How the Golden State Warriors are low key running tech in Silicon Valley
The Golden State Warriors are heading back to the NBA Finals to face LeGoat and the Cavaliers for the fourth consecutive year.
And while the Dubs’ on-court success has drawn comparisons to some of the greatest teams to lace them up, it’s the Warriors’ off-court success that has set them apart.
The Bay Area is more than just a home for Dub Nation’s rendezvous fan-base; it’s home to the burgeoning tech scene and booming startup culture entrenched in Silicon Valley.
NBA players such as Kevin Durant, Steph Curry, and Andre Iguodala have made headlines for their respective pivots from athletes turned investors.
But after a closer look into the Warriors’ off-court endeavors, there’s no denying the influence Silicon Valley commands in Golden State.
Joe Lacob, Warriors’ Majority Owner
Joe Lacob, one of Golden State’s majority owners, is a veteran venture capitalist from Kleiner Perkins Caufield & Byers.
Considering both his reputation as a seasoned investor and his active engagement with the Warriors, it’s no surprise that the rest of the Golden State family takes after Lacob’s penchant for investing.
After all, Lacob did prove his commitment to investing when he initially bought the dismal Warriors for a record-breaking $450 million back in 2010. Under Lacob’s ownership, the Warriors have had a meteoric rise to international stardom.
Peter Guber, Warriors’ Owner
Even though Guber has a smaller share compared to that of Lacob’s, he was granted equal standing within the franchise.
Guber, the former Chairman and CEO of Sony Pictures Entertainment, currently sits as the Chairman and CEO of the multimedia Mandalay Entertainment Group.
With Lacob’s capitalist experience acting as financial guidance and Guber’s cultural perspective rounding out the partnership, the Golden State Warriors are just built differently.
Together, they hired a general manager who had no experience in the sports industry and two coaches who hadn’t coached on any level, let alone a professional one.
But after two rings, a fourth trip to the Finals, and the Warriors’ estimated net worth of $3 billion, it’s clear Lacob and Guber have appropriately invested their money within the Silicon Valley environment.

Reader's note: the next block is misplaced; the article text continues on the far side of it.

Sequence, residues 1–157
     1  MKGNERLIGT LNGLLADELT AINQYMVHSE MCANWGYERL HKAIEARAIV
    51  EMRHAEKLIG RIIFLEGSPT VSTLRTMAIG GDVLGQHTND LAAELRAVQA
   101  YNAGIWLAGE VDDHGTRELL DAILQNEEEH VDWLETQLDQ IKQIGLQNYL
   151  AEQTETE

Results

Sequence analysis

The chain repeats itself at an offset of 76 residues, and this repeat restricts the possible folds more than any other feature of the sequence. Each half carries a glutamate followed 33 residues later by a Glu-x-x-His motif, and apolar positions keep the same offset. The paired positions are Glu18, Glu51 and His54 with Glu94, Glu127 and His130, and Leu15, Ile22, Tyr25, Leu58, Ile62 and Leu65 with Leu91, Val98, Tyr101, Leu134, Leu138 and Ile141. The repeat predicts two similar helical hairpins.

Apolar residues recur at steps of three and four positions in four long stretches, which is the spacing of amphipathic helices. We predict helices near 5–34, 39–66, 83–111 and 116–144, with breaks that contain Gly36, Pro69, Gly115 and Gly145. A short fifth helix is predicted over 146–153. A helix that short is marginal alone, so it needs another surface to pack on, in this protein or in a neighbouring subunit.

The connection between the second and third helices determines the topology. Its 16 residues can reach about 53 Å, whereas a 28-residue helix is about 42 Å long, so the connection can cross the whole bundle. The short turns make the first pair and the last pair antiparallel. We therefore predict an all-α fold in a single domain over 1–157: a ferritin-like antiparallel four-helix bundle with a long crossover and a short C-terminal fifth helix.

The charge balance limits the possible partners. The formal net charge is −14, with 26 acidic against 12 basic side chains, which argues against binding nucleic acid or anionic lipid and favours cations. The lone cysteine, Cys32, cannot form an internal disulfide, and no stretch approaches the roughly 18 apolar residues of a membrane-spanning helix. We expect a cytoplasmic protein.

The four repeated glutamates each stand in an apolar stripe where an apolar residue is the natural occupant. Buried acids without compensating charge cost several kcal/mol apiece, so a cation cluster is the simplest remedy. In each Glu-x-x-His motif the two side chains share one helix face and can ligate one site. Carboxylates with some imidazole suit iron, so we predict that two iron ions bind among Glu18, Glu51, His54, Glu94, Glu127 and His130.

Hailed as the greatest shooter to ever grace the court, two-time MVP Steph Curry is taking full advantage of his NBA stardom, particularly off-the-court.
The fact that Curry gets to perform in front of CEOs, founders and presidents every home game definitely helps.
Regardless, the Baby Faced Assassin owns an equity stake in CoachUp, a start-up that connects private coaches with athletes all around the world.
Plus, in 2015, he co-founded a tech start-up, Slyce, with his old college teammate Bryant Barr. Curry has also recently backed Brandless, a start-up that aims to provide affordable household items.
Even though he’s nursing a leg contusion that will force him to miss Game 1 of the 2018 Finals, Iguodala is still winning, as he cashes in from the savvy investments he’s made in his time in Oakland.
In addition to his investments in Facebook, Twitter, and Tesla, the Warriors forward has also backed Arianna Huffington’s new company Thrive Global, a health and beauty startup by Walker & Company, as well as Derek Jeter’s platform for athletes, The Player’s Tribune, among other companies. Iguodala tells CNBC,
“We have some great relationships with VCs [venture capitalists] out there, mainly Andreessen Horowitz. They’ve kind of taken me under their wing and … showed me some things in the portfolio and how I can integrate my brand into some of their brands.”
Andre works with his business partner, Rudy Cline-Thomas, to fully utilize the Warriors’ relationship to Silicon Valley.
Nearing the completion of his second season with the Warriors, Durant is on the verge of becoming a two-time champion while simultaneously turning himself into a capable investor.
KD has been quietly making a splash in the start-up scene as a willing investor, backing tech companies like Postmates and Acorns.
Durant’s portfolio also consists of JetSmarter, The Players Tribune, and Overtime, a startup that focuses on up-and-coming high school ballers.
With the recent creation of his own YouTube profile, it looks like Kevin Durant is looking to further cement himself as a big-time baller and growing businessman.
While Draymond’s investment portfolio doesn’t stack up as impressively to those of his teammates’, Green has been quite vocal in his ambitions to become a billionaire by the age of 40.
And though he hasn’t made any financial decisions to back a start-up, Draymond has recently partnered with Blink Fitness on a franchise development deal to bring at least 20 gyms to his native Michigan as well as Illinois. He said,
“This is not an endorsement deal for me. I’m going to invest my money and my time to partner with Blink to bring an amazing gym experience to these communities.”
Perhaps this is the beginning of Draymond’s financial evolution in his quest to become a billionaire.
Swaggy P is one of the newest faces in the Bay and he’s already familiarizing himself with the booming tech scene that is Silicon Valley.
In December of 2017, Brandless, an e-commerce startup that offers household items and food for $3 or less, publicly announced that Young was one of more than 20 investors in a $35 million Series B funding round led by New Enterprise Associates.
Other investors included fellow-Warrior Steph Curry and Portland Trail Blazers star C.J. McCollum. Okay Swaggy P we see you making those grown-men decisions!
Even though Golden State has their hands full with the Cavaliers these upcoming weeks, I’m sure some of the Warriors are looking to score outside of Oracle too.
Who will be the next Warrior to start funneling money into Silicon Valley?